Guest Post: Why it might be good to pamper terrorists

Written By Anders Herlitz

Rutgers, The State University of New Jersey

 One of the most heated debates in “Western” countries these days concerns how to deal with individuals who either have traveled or consider traveling to Syria or Iraq in order to join Daesh and return to a “Western” country in which they are citizens. Australia recently announced that they plan to strip Australian-born individuals who fight with Daesh of their Australian citizenship. The United Kingdom already has laws that allow them to strip citizens of their British nationality if it is “conductive to the public good.” Sweden, my home country, gained international attention in somewhat suspicious circles for what to many seemed to be the complete opposite approach to the problem: the city of Stockholm has outlined a plan for how to deal with members of extremist movements, which involves what they call inclusive measures such as assistance with finding housing as well as an occupation, but also health efforts needed to deal with trauma and PTSD that are expected to be common among participants in warfare. Needless to say perhaps, the idea that Swedish tax money could go to treat the trauma of a person who himself decided to travel to a foreign country to participate in barbarism has generated quite an emotional reaction. I’d like to take this opportunity to scratch the surface of the ethical problems of this general problem, show why Stockholm did the right thing, and underline that we are having really, really bad moral luck.

First, it is perhaps noteworthy to point out that the amount of populism that infects these debates seems unprecedented. Yet, there is a very real problem at the bottom of this. The world has grown smaller, and it is obvious that there are individuals in “Western” countries that sympathize with Daesh, plan to join them, or have fought with them, and it is probably also wise to accept that these (as well as other extremists) constitute a security risk also in “Western” countries. Yet, it seems both imprudent and myopic to suggest that there is one problem and that a single solution is appropriate for all the different kinds of situations that arise. Let’s therefor directly separate a number of issues:

  •  How should a country deal with citizens whose participation in violent extremism can be proven with evidence strong enough for a court to judge them guilty?
  • How should a country deal with citizens whose participation in violent extremism is very strongly suspected, but can’t be proven with evidence strong enough for a court to judge them guilty? (I have in mind here individuals who might actually admit to participation in violent extremism, but where there is no further evidence.)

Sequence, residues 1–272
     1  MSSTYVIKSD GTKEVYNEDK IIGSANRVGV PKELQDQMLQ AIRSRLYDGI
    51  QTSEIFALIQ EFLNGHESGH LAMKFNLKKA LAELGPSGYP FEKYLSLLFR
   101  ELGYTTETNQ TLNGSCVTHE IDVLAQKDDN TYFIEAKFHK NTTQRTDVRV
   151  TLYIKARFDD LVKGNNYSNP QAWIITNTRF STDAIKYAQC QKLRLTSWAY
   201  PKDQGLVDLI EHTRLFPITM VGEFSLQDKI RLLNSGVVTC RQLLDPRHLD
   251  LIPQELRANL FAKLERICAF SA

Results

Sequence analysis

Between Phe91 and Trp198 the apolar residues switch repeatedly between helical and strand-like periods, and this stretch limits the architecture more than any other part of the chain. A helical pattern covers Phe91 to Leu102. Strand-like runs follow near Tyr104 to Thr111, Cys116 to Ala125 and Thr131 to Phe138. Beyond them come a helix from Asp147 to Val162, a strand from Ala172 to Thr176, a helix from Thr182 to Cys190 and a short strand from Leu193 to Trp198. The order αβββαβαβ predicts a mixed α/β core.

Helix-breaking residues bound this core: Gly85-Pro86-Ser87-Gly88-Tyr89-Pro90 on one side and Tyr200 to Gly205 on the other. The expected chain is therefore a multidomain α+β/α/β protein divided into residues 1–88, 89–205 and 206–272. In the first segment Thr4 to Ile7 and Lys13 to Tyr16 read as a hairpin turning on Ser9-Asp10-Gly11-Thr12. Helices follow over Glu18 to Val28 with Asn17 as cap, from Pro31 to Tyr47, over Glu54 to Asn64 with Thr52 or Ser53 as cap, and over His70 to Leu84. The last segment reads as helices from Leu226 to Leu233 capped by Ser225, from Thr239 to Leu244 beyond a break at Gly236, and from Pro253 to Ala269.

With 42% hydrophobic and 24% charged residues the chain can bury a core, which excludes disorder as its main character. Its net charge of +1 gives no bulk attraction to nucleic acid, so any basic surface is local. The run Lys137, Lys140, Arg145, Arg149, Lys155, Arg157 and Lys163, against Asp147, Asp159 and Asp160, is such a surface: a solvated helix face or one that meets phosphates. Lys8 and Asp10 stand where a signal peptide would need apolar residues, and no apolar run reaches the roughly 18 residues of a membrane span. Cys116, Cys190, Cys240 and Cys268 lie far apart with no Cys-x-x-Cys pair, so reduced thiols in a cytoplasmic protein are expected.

• How should a country deal with citizens whose future participation in violent extremism is considered likely?
  • How should a region, city or country deal with citizens whose participation in violent extremism is clear, but who can’t be prosecuted, incarcerated or stripped of their citizenship under existing laws?
  • How should a public body that is responsible for social issues but that can’t write laws deal with citizens whose future participation in violent extremism is considered likely?

I choose to not speak about any particular type of crime, or individuals of any particular religion because I think that it really is irrelevant. Yet, I suspect that a disturbingly large proportion of people with opinions concerning these things would like to single out a certain religion and violence the perpetrators of which refer to a specific religion. Such readers can read that into the above questions. It changes no aspect of the argument.

I believe that although most intuitive responses to the broader issue of what we should do with individuals who pose security risks because they sympathize with an extremist idea or have been part of an extremist movement are provoked by the idea that we speak of the first question, that question is the least interesting from an ethical perspective. Most, if not all, people agree that it is desirable to have a judicial system that allows for war criminals to be prosecuted, and if current laws don’t allow for it, it is desirable that these be changed. Some disagreement exists concerning what the punishment should be, but by and large it looks to me as if most people prefer that war criminals be prosecuted and punished.